- Not to be confused with Jean Raoux (soldier).
After the usual course of training he became a member of the Academy in 1717 as an historical painter. His reputation had been previously established by the acclaimed decorations executed during his three years in Italy on the palace of Giustiniani Solini in Venice, and by some easel paintings, the Four Ages of Man (National Gallery), commissioned by the grand prior of Vendôme. To this latter class of subject Raoux devoted himself, refusing to paint portraits except in character. The list of his works is a long series of sets of the Seasons, of the Hours, of the Elements, or of those scenes of amusement and gallantry in the representation of which he was immeasurably surpassed by his younger rival Watteau. After his stay in England (1720) he lived much in the Temple, where he decorated several rooms. He died in Paris in 1734. His best pupils were Chevalier and Montdidier. His works were much engraved by Poilly, Moyreau, Dupuis, etc.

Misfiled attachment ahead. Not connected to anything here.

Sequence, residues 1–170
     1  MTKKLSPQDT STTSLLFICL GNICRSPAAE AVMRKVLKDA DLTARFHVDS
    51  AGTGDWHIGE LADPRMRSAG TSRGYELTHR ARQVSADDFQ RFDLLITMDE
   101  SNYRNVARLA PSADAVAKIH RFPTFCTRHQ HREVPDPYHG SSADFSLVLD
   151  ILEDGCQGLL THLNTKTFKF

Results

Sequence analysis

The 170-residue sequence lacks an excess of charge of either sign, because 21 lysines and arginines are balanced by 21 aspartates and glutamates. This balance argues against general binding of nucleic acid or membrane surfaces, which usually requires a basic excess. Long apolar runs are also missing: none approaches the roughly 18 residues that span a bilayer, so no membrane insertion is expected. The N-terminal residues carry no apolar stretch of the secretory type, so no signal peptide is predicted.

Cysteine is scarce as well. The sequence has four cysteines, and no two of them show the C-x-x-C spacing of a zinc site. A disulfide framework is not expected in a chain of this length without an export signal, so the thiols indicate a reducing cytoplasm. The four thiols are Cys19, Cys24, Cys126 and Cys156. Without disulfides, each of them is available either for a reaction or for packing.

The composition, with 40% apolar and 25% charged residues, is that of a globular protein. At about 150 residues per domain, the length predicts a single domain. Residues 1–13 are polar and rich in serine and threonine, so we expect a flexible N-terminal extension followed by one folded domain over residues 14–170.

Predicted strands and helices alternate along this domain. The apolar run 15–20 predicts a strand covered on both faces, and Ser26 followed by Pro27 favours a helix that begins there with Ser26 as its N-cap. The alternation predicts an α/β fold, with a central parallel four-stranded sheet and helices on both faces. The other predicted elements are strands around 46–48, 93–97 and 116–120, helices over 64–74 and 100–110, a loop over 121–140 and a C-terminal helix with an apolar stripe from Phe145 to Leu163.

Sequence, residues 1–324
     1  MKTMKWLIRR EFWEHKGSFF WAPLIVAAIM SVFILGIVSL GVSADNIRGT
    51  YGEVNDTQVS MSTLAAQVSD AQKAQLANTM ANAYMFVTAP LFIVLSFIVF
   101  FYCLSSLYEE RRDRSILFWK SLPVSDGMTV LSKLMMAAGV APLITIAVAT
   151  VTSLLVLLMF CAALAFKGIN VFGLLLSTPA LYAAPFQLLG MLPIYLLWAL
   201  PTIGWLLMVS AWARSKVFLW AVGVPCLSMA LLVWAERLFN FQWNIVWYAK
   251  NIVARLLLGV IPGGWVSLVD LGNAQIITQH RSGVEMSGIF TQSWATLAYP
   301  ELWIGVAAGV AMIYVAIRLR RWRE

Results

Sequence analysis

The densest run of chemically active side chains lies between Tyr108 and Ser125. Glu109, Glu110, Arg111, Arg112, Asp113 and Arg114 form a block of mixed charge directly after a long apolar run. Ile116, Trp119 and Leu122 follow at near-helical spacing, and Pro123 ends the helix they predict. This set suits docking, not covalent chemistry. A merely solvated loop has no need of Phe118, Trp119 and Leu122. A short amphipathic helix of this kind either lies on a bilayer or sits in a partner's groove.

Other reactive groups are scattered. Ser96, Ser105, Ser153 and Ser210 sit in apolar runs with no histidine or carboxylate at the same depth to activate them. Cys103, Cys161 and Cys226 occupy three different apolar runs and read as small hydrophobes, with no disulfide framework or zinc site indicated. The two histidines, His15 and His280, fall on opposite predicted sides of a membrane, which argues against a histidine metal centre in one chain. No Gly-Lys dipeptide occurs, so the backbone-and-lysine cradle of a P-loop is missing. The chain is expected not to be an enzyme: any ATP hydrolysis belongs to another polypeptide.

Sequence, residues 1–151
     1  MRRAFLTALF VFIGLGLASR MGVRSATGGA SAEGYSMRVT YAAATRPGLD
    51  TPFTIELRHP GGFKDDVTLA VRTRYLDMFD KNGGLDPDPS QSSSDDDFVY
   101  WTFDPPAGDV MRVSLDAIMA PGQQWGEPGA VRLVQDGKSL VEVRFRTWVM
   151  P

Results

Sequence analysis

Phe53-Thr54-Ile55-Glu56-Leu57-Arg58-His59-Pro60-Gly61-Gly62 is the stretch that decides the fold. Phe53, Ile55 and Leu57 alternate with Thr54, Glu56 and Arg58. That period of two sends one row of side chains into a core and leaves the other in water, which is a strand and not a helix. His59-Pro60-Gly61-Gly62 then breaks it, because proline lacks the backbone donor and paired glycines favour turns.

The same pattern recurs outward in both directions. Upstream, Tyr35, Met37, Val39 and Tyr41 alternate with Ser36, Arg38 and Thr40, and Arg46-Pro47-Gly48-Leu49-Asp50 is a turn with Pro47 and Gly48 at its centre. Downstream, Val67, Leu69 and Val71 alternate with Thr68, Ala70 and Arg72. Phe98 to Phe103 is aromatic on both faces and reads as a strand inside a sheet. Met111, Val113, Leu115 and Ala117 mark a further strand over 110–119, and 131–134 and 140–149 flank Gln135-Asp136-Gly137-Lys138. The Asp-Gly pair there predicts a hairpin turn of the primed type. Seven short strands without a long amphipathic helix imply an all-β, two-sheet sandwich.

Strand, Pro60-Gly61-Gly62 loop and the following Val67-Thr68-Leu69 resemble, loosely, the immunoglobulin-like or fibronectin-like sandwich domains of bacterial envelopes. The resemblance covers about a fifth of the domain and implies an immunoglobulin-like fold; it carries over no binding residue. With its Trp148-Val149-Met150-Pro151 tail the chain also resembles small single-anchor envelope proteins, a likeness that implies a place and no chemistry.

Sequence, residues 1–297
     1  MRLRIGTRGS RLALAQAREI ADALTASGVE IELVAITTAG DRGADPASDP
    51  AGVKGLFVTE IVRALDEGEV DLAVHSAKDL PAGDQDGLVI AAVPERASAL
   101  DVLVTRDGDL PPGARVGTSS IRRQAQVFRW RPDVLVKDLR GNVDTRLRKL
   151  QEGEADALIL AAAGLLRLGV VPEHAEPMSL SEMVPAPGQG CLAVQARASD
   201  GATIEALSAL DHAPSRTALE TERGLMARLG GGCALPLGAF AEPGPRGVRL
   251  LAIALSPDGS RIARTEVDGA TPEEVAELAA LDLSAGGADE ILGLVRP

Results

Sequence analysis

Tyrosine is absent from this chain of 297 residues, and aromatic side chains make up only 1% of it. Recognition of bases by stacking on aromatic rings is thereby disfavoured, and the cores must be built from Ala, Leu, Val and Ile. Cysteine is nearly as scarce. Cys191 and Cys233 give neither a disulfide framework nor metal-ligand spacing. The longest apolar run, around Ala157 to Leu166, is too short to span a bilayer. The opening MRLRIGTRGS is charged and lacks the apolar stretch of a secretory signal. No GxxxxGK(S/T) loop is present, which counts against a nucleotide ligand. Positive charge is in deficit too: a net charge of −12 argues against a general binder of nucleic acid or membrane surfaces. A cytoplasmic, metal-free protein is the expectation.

Pygmalion amoureux de sa statue (1717)
- This article incorporates text from a publication now in the public domain: Chisholm, Hugh, ed. (1911). "Raoux, Jean". Encyclopædia Britannica. 22 (11th ed.). Cambridge University Press. p. 898.
|Wikimedia Commons has media related to Jean Raoux.|